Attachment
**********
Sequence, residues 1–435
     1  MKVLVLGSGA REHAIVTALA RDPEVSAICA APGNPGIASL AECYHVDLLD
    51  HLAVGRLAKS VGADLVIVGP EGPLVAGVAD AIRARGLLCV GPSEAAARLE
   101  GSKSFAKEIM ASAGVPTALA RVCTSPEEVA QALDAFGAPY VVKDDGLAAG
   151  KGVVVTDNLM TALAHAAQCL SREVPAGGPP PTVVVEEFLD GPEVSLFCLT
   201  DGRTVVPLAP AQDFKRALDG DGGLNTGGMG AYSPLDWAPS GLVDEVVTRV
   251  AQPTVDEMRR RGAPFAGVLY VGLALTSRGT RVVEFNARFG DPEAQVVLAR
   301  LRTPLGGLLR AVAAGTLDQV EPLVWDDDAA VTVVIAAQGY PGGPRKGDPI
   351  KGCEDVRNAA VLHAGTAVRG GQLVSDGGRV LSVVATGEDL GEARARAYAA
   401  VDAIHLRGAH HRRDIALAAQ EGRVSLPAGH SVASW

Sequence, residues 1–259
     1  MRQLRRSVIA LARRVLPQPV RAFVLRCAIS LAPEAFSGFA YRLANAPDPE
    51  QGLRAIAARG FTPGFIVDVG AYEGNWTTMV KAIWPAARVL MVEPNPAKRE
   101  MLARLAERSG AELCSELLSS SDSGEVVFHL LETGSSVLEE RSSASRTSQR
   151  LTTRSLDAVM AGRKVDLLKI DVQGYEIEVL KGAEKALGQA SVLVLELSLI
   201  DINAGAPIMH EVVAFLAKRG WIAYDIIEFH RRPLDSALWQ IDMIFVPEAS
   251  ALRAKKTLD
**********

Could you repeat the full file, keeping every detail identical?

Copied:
Sequence, residues 1–435
     1  MKVLVLGSGA REHAIVTALA RDPEVSAICA APGNPGIASL AECYHVDLLD
    51  HLAVGRLAKS VGADLVIVGP EGPLVAGVAD AIRARGLLCV GPSEAAARLE
   101  GSKSFAKEIM ASAGVPTALA RVCTSPEEVA QALDAFGAPY VVKDDGLAAG
   151  KGVVVTDNLM TALAHAAQCL SREVPAGGPP PTVVVEEFLD GPEVSLFCLT
   201  DGRTVVPLAP AQDFKRALDG DGGLNTGGMG AYSPLDWAPS GLVDEVVTRV
   251  AQPTVDEMRR RGAPFAGVLY VGLALTSRGT RVVEFNARFG DPEAQVVLAR
   301  LRTPLGGLLR AVAAGTLDQV EPLVWDDDAA VTVVIAAQGY PGGPRKGDPI
   351  KGCEDVRNAA VLHAGTAVRG GQLVSDGGRV LSVVATGEDL GEARARAYAA
   401  VDAIHLRGAH HRRDIALAAQ EGRVSLPAGH SVASW

Sequence, residues 1–259
     1  MRQLRRSVIA LARRVLPQPV RAFVLRCAIS LAPEAFSGFA YRLANAPDPE
    51  QGLRAIAARG FTPGFIVDVG AYEGNWTTMV KAIWPAARVL MVEPNPAKRE
   101  MLARLAERSG AELCSELLSS SDSGEVVFHL LETGSSVLEE RSSASRTSQR
   151  LTTRSLDAVM AGRKVDLLKI DVQGYEIEVL KGAEKALGQA SVLVLELSLI
   201  DINAGAPIMH EVVAFLAKRG WIAYDIIEFH RRPLDSALWQ IDMIFVPEAS
   251  ALRAKKTLD